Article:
Wayland music department to present benefit concert for water project
October 18, 2012
PLAINVIEW -- On Thursday, Oct. 25, Wayland Baptist University music faculty and students will present a benefit concert to help raise awareness about clean water.
“Rain Water Music,” will be held at 7:30 p.m. in Harral Auditorium. The public is invited and admission is by donation. The concert will be preceded at 7 p.m. by a brief lecture about the Tanzanian Aqua Project and the mpingo tree, the focus of the fundraising concert.
According to Dr. Sandra Mosteller, professor of instrumental studies at Wayland, the concert is part of an overall effort that includes a partnership between the Wayland School of Music and Rotary International. The initiative was launched by the Boone Sunrise Rotarians in Boone, N.C., who are working with fellow Rotarians in Tanzania. The Plainview Rotary Club also is partnering in the project.
In a recent presentation to the Plainview Rotary Club, Mosteller said that her interest in the project grew from an interview she did for a professional magazine with Phil Muncy of Muncy Winds Music Co. She explained that Muncy’s initial interest in work in Tanzania revolved around the mpingo tree — or East African Blackwood.
The mpingo is prized by musicians because the hard, dense, black wood produced by the tree is used to make clarinets and other musical instruments. However, according to information from the website, www.mpingoconservation.org, there is a growing concern over the fate of the mpingo tree in Africa. The website explains that the tree already is commercially-extinct in Kenya from over harvesting and is commercially-threatened in Tanzania. The tree takes 70-100 years to reach harvestable size. In addition to its uses in the music industry, it also is used indigenously and is a popular wood for parquet floors in the Far East.
However, Mosteller continued, when Muncy and others began to look at the possibility of starting a tree-planting initiative in Tanzania, they came to a sobering realization. The plight of the human population in Tanzania was more troubling than that of the mpingo tree and many of those human issues centered around the availability of clean water.
For all intents and purposes there is no source of clean water for rural communities in Tanzania. Residents get their water from sources ranging from rivers and lakes to mud holes and all of it is contaminated and a potential cause of disease.
At the same time, children have little time for education because they must regularly search for and transport water over several miles for their families.
In light of that realization, the Boone Sunrise Rotary Club launched The Tanzanian Aqua Project. The goal of the project is to establish rainwater collection programs where the water is collected and then distributed to those in need. The idea is to locate those distribution points at schools and churches in the communities.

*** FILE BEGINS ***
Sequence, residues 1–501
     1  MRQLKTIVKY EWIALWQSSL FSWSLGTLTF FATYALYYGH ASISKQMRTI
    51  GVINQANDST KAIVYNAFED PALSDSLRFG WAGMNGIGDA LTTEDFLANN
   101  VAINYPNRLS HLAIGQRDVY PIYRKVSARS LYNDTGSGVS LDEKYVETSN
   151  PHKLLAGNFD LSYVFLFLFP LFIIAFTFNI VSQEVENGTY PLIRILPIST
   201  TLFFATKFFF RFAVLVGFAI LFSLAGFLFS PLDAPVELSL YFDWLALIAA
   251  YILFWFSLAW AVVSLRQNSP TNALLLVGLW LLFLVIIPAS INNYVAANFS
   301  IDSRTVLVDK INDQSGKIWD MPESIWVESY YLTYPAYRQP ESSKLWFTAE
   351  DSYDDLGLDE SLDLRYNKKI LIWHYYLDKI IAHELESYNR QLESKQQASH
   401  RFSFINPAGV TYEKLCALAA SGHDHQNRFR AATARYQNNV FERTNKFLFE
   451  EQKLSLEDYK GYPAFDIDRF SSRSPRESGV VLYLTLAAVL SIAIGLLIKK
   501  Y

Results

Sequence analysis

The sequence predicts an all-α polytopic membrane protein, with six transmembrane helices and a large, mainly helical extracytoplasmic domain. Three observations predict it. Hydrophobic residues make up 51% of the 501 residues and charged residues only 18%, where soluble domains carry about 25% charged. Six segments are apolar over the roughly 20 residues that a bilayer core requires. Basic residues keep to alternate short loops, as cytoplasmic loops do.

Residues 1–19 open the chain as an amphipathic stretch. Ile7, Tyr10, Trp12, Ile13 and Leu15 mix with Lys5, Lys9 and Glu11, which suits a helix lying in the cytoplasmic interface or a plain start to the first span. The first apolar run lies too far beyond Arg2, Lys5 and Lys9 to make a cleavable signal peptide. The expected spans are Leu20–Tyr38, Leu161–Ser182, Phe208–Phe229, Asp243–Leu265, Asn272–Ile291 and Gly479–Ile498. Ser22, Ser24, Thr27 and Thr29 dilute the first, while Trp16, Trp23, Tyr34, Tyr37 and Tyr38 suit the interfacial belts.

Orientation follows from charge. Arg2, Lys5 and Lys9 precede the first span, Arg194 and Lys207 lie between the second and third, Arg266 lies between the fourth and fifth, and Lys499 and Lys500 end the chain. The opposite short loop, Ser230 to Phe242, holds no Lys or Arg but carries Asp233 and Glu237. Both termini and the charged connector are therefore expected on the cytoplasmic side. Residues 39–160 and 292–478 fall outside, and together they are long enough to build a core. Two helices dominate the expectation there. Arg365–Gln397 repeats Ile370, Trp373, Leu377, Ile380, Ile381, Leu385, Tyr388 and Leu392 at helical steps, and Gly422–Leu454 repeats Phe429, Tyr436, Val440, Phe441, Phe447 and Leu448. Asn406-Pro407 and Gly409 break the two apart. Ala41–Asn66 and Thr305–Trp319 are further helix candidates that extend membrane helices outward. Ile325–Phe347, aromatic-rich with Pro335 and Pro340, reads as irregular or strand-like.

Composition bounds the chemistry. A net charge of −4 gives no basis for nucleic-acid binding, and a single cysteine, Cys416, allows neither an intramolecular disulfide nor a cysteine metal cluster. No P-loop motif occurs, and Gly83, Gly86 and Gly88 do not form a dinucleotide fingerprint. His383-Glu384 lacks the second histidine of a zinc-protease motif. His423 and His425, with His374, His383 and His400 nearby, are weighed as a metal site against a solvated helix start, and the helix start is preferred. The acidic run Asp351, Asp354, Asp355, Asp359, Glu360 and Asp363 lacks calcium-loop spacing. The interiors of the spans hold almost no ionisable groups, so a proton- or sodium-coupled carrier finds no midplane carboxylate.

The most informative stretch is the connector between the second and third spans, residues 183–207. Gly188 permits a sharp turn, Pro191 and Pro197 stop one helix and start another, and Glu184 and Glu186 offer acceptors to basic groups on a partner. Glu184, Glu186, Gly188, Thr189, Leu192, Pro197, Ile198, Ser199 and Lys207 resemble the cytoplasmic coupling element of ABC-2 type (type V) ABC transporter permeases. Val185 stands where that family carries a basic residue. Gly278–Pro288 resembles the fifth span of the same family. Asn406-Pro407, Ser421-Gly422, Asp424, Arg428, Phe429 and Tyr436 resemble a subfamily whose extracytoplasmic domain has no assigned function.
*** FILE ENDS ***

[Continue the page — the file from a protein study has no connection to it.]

Mosteller, whose instrument of choice is the clarinet, said that once she learned of the project, it had an immediate impact on her.
“Most Tanzanians have never heard a clarinet play, and as they struggle at the most primal levels, this would be far from a priority. This benefit concert gives me hope that we can truly make a difference,” she said.
According to Dean of the School of Music Dr. Ann Stutes, it didn’t take much for her and her colleagues to catch Mosteller’s enthusiasm for the Tanzanian Aqua Project. The faculty and staff quickly realized that it also presented an excellent teaching opportunity.
“The Wayland School of Music is called to provide opportunities for our students to share as servant leaders and also to understand their potential effectiveness in global ministry efforts,” Stutes said. “In addition, this particular project teaches them the importance of environmental stewardship and creation care. We hope each of our music graduates will leave our institution aware of their potential to help make the world a better place through their music. The benefit concert is a perfect platform for our students to learn how to make a difference.”
The concert will include a variety of musical selections, both instrumental and vocal. They will be performed by faculty and students. In addition, students are working as mission education coordinators and on the publicity team.
“Dr. Kimberly Brown is coordinating the performance and Dr. Mosteller is steering the missions and environmental education portion of the event,” Stutes said.
Mosteller said the concerns about the mpingo tree still are part of the emphasis, but it is critical to work at meeting the human needs, as well.
“As a clarinetist and a human, I am deeply saddened that we are so far away from resolving these problems. To me, raising money for rainwater collection programs is the first step in helping Tanzanians to be self-sufficient. My hope is that we may make it to phases beyond — teaching the Tanzanians the importance of the mpingo tree to their own land and crops, and to replenish this tree and wood that is beloved to me an millions of people around the world,” Mosteller said.
For more information, contact the Wayland Baptist School of Music at 806-291-1076.